A total of 30 patients with thoracic trauma aged 18–60 years were enrolled in this study for a period of 1 year. Patients with Glasgow coma scale (GCS) score >12, a respiration rate >35/min, accessory muscle use or paradoxical abdominal contraction, SpO2<90% with FiO20.5%, pO2<80%, and computed tomography (CT) scan of thorax with a flail segment were included in the study. Patients with traumatic brain injury, with severe hemodynamic instability, who had emergency gastrointestinal surgery following admission, who had inability to protect airway or facial trauma, and who were uncooperative to use facemask were excluded from the study. The clinical parameters including heart rate (HR), mean arterial pressure (MAP), respiratory rate (RR), SpO2, arterial blood gas analysis, and CT scan of thorax were assessed at time of admission to the intensive care unit.
The Thoracic Trauma Severity Score (TTSS) is used for assessing the severity of chest injury [Table 1]. It is a 25-point score with five parameters: P/F ratio, rib fractures, contusion, pleural involvement, and age.
|Table 1: The Thoracic Trauma Severity Score (TTSS) for assessing the severity of chest injury|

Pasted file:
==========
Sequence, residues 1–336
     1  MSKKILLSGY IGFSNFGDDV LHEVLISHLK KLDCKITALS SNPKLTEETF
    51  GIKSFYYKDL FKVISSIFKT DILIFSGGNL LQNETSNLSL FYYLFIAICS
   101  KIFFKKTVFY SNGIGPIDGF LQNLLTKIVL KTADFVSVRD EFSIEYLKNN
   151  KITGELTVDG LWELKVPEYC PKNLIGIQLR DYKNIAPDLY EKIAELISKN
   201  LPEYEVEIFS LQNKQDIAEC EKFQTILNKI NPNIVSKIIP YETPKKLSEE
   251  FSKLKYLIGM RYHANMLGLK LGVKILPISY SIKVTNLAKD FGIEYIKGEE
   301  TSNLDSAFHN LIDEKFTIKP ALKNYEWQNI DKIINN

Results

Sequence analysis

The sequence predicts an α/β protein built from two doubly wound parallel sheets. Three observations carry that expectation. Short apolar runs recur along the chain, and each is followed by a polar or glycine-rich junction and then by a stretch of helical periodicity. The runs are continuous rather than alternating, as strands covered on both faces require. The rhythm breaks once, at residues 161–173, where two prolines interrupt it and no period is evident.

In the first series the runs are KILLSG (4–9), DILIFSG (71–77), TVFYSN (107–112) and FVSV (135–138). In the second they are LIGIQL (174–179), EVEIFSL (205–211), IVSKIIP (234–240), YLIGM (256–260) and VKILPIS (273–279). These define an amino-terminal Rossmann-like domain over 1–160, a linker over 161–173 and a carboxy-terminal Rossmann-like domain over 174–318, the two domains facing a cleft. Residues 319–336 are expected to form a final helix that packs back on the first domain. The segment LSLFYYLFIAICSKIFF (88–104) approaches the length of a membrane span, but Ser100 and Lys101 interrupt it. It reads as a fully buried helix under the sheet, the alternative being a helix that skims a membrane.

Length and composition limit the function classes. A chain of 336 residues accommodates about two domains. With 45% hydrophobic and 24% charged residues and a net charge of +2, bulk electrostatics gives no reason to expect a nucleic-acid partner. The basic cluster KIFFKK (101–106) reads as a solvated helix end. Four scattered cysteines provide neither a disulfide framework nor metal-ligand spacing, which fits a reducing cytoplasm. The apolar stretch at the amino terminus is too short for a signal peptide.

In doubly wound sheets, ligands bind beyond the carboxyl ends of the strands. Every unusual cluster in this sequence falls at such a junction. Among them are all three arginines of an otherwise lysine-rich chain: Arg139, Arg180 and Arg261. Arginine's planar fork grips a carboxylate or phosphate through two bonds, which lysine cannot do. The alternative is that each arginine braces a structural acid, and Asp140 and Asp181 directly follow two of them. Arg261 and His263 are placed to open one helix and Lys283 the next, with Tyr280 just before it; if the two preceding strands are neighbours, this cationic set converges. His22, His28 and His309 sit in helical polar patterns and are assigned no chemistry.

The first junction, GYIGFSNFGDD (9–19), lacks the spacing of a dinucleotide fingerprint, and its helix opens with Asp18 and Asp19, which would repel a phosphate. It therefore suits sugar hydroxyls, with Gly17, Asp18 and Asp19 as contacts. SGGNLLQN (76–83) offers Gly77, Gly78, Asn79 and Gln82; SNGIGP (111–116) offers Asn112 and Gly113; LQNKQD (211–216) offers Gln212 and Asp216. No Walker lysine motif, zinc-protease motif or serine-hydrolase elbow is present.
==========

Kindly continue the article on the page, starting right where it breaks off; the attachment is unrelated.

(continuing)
Click here to view
Patients were divided into two treatment groups: one recieved endotracheal intubation with mechanical ventilation (ET group, n = 15) and another received noninvasive ventilation (NIV group, n = 15). The ET group patients were intubated with a 7.5–8.5 mm internal diameter (ID) endotracheal tube. Initial ventilator settings with assist-control mode to generate a tidal volume of 6–8 mL/kg, RR below 25%, and plateau pressure <30 cm H2O. Positive end expiratory pressure (PEEP) gradually increases to maintain SpO2>90% with an Fi of 0.6. These patients started with sedation infusion of midazolam and ferntanyl injections. The weaning protocol was to shift Pt on intermittent mandatory ventilation followed by pressure support ventilation. Patients extubated if they maintain a RR <25, SpO2>95%, and pO2>80 with an Fi = 0.4.